Over just a few days last week, President Trump and his allies stepped up attacks on Robert Mueller, the special counsel investigating the campaign’s connections to Russia. They tried to push Attorney General Jeff Sessions out of office. They thought out loud about whether the president can pardon himself.

This all points to the same conclusion: Mr. Trump is willing to deal a major blow to the rule of law — and the American Republic — in order to end an independent investigation into his Russia ties.

.. In their first years in office, Vladimir Putin in Russia, Recep Tayyip Erdogan in Turkey and Viktor Orban in Hungary claimed that they wanted to fix, rather than cripple, democratic institutions. Even as it became clear that these strongmen sought to consolidate power, most of their opponents told themselves that they were saving their courage for the right moment. By the time the full extent of the danger had become incontrovertible, it was too late to mount an effective resistance.

.. But in other respects the United States is already well on the way to what I have, in my academic work, called “democratic deconsolidation.” Mr. Trump is increasingly emulating the playbook of popularly elected strongmen who have done deep, lasting damage to their countries’ democratic institutions.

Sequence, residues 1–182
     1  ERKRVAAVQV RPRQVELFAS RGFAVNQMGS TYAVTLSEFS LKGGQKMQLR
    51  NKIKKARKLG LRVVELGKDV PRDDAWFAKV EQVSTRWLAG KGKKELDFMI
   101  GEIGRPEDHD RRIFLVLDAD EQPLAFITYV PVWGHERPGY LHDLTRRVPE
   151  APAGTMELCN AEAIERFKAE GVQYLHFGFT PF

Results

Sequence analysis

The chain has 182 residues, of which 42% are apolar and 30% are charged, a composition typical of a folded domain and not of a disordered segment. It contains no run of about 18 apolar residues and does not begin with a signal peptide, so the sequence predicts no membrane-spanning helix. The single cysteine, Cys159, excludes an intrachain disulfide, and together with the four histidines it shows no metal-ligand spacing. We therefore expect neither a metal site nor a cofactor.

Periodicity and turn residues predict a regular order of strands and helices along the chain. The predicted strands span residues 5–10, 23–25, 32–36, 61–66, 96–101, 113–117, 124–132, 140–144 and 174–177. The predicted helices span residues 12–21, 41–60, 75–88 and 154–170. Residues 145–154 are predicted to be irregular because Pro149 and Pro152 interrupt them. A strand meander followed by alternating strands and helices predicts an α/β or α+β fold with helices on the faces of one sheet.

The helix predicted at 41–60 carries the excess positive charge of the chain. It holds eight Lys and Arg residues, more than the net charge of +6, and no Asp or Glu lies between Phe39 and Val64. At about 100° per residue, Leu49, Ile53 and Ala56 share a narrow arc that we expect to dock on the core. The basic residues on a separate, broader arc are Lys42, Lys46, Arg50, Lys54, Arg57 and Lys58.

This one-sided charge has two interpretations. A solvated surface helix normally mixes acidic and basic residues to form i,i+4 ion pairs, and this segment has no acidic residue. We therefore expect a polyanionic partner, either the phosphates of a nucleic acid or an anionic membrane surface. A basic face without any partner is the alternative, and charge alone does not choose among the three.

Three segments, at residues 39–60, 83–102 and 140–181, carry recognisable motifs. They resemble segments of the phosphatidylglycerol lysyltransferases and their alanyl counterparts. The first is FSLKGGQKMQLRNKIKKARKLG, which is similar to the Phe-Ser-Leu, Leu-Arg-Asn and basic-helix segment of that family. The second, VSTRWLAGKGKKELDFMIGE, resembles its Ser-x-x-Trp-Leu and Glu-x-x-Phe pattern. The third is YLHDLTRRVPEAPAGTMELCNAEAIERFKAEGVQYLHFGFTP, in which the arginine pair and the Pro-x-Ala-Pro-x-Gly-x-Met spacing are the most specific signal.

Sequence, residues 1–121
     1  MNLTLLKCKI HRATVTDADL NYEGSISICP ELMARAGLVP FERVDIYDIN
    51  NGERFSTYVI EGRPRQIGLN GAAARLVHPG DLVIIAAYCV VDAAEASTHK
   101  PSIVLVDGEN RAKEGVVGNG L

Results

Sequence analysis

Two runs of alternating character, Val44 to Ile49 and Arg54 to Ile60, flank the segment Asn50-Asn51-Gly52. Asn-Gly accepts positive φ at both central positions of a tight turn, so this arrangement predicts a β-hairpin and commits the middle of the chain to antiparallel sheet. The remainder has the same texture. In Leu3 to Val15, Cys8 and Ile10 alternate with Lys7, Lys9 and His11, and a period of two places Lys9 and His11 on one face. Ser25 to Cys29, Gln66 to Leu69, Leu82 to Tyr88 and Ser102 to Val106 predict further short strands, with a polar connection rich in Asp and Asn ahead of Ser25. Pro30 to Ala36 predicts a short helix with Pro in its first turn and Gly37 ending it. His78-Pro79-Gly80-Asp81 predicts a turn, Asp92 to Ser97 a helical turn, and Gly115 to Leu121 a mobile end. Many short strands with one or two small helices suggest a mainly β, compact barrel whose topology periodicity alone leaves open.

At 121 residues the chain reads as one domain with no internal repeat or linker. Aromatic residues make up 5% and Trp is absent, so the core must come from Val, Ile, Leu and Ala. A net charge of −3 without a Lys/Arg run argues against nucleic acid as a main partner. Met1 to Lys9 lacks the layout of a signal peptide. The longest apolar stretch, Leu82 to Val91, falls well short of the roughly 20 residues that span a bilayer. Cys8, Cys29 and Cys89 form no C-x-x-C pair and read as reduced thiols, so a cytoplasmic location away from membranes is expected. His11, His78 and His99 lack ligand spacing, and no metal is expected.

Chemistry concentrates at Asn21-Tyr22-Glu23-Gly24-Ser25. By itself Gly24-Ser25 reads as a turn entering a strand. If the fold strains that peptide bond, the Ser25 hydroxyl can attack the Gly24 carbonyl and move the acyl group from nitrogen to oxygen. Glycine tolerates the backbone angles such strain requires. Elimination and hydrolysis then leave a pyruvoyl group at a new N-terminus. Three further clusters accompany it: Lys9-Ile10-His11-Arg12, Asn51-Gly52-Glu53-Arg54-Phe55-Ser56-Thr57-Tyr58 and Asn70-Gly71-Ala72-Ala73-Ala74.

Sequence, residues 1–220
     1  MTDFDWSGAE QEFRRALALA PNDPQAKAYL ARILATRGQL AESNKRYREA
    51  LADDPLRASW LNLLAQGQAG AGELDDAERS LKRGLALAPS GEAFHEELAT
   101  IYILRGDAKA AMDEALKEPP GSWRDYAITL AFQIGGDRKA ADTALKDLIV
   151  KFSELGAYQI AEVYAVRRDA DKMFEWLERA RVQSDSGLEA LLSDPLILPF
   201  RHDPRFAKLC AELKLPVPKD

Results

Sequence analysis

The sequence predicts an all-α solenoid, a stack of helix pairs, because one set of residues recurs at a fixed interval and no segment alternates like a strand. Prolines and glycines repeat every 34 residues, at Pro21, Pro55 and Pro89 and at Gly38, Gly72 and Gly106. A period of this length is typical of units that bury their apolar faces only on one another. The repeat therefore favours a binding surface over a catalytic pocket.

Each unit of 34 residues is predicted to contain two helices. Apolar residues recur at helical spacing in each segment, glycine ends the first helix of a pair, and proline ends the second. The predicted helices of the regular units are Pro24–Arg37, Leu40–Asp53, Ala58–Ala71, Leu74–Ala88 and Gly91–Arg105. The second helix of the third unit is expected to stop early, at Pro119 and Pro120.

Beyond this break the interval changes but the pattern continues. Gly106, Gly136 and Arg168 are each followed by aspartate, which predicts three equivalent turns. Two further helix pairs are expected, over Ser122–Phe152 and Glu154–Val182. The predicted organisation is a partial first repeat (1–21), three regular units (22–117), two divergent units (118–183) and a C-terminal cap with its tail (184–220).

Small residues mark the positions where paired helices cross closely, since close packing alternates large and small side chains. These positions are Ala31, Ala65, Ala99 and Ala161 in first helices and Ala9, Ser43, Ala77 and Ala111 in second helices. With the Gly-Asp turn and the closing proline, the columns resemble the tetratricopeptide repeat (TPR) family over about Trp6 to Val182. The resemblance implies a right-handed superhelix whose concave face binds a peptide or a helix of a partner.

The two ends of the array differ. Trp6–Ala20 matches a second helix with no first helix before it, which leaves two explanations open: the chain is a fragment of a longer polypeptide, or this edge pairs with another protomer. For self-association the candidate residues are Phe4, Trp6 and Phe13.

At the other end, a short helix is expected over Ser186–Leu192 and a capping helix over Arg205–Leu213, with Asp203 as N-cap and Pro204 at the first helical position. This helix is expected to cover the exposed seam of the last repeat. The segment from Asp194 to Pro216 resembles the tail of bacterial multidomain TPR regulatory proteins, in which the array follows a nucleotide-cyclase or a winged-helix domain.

.. around 40 percent of voters — and some 80 percent of Republicans — approve of his performance. A number of Republican senators and congressmen have reportedly objected to Mr. Trump’s attacks on Mr. Sessions and voted against parts of his legislative agenda, but most have yet to oppose him publicly.

.. If Mr. Trump fires Mr. Mueller, Congress can ask him to continue his investigation under the auspices of the legislative branch.

And if Mr. Trump pardons himself, disregards court rulings or blatantly oversteps the boundaries of his legitimate authority in some other way, Congress should impeach him.

.. There may never be a time when we know for sure that this decision, today, will determine whether the American republic lives or dies.